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Title: Being Fijian in the global system of professional Rugby Union : articulating multiple values through mobile bodies
Author: Guinness, Daniel
ISNI:       0000 0004 8502 561X
Awarding Body: University of Oxford
Current Institution: University of Oxford
Date of Award: 2014
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A global rugby system has emerged which both motivates and facilitates the movement of large numbers of highly skilled professional athletes, and their swift integration into the dense social relations of professional clubs. Crucially, the global rugby system has become an articulation between the many localized values and practices of rugby and the professional codes of globally-oriented coaches and managers. This thesis uses an ethnographic approach to reveal the development of professionalism as a specific body culture produced at particular nodes, which has expanded to connect rugby union globally. In particular this theses focusses on the experiences of some of the several hundred indigenous Fijian professional rugby migrants playing overseas during the last fifteen years, and the several thousand aspiring young men working to do the same. This case study of mobility highlights the importance of the social, cultural and gendered contexts of specific mobility projects. Furthermore, the sometimes obvious cultural tensions that these men experience in the global system reveal the processes and power dynamics which create and define each local node and the global system as a whole. For these men rugby represents a unique opportunity to pursue both immediate social recognition in Fiji, fulfil familial expectations, gain the much coveted international mobility, and pursue an highly enjoyed activity. Individual and collective "rugby dreams" emerge in Fiji and motivate the collective production of rugby players willing to go overseas. To attain and retain professional contracts Fijians must abandon some of their own cultural system and meet the particular expectations of the clubs they play for. Those who successfully negotiate the transitions develop alternative Fijian professionalisms, combining the essence of their Fijian identity with the requirements of their adopted club. This articulation produces and manages the mobility of players, allowing skills and motivations developed in families and clubs of Fiji to be used by clubs on the other side of the globe. The ethnographic study of professional body culture as it emerges and is experienced in multiple locations within an interconnected global system is an innovative and particularly anthropological approach to understanding the social organisation of global sport. This approach contributes to the existing anthropological literature on mobility, globalisation and sport by highlighting the cultural tensions at different locations within this professionalised global system, revealing the multiple levels of frictions and power dynamics encountered by the mobile men within it.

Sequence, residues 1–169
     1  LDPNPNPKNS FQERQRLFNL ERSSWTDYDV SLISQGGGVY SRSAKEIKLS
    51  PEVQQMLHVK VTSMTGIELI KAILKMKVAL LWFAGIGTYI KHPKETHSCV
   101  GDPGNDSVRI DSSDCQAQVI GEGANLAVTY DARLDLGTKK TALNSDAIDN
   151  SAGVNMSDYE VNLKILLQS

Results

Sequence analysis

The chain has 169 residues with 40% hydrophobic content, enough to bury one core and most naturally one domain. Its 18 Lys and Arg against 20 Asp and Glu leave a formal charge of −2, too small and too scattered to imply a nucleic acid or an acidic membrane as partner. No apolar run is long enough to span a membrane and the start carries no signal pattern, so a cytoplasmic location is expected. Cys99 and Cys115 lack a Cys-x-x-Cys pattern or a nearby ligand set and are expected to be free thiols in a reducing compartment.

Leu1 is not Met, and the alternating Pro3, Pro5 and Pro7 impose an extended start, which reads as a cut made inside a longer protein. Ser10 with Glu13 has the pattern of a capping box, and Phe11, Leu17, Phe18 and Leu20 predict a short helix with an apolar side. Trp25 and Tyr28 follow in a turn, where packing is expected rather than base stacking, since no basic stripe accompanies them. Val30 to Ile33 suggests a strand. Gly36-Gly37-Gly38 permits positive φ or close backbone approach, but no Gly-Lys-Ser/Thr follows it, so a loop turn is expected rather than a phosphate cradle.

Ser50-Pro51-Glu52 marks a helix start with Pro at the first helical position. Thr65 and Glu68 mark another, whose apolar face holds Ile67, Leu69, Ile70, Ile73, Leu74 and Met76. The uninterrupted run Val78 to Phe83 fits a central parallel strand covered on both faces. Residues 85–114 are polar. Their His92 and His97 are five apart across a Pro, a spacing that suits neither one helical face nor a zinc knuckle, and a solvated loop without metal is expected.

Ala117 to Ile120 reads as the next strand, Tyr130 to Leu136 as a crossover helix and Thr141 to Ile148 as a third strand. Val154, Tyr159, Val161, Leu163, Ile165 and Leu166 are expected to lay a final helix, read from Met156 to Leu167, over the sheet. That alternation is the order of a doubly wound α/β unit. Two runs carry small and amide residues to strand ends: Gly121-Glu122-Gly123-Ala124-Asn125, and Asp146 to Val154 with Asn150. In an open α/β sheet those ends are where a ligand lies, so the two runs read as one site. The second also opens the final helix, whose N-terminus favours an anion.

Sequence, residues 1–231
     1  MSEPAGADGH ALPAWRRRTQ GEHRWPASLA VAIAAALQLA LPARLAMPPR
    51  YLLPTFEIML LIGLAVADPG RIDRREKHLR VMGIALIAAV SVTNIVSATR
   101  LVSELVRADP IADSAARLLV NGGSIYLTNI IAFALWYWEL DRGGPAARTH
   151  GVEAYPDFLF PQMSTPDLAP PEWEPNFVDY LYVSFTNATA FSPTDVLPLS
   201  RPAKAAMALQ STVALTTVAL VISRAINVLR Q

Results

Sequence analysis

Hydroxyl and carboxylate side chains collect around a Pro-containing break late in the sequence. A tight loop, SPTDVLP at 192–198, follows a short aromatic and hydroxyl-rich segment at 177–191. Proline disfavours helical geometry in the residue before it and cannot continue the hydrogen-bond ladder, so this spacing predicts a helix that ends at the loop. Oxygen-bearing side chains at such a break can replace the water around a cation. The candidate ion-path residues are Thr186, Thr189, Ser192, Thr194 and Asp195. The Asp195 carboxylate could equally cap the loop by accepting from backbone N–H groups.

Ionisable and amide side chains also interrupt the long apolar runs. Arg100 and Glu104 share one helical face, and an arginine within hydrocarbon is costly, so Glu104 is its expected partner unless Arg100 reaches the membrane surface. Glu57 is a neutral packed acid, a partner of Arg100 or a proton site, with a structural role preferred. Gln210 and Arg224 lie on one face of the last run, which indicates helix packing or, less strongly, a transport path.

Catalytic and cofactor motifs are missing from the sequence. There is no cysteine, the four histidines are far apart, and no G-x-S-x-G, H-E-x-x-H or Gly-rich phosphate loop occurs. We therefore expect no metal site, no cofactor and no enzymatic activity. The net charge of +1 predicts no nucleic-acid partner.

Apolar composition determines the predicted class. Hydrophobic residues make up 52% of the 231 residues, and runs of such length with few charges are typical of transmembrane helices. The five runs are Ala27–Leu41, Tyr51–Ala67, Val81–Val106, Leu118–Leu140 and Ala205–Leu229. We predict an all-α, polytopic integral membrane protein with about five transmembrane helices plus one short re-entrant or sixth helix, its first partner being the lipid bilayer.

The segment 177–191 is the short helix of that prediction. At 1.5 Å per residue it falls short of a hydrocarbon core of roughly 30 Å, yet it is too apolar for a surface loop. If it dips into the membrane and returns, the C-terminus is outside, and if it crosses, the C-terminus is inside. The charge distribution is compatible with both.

Supervisor: Xiang, Biao Sponsor: Rhodes Trust
Qualification Name: Thesis (Ph.D.) Qualification Level: Doctoral
EThOS ID:  DOI: Not available
Keywords: Social anthropology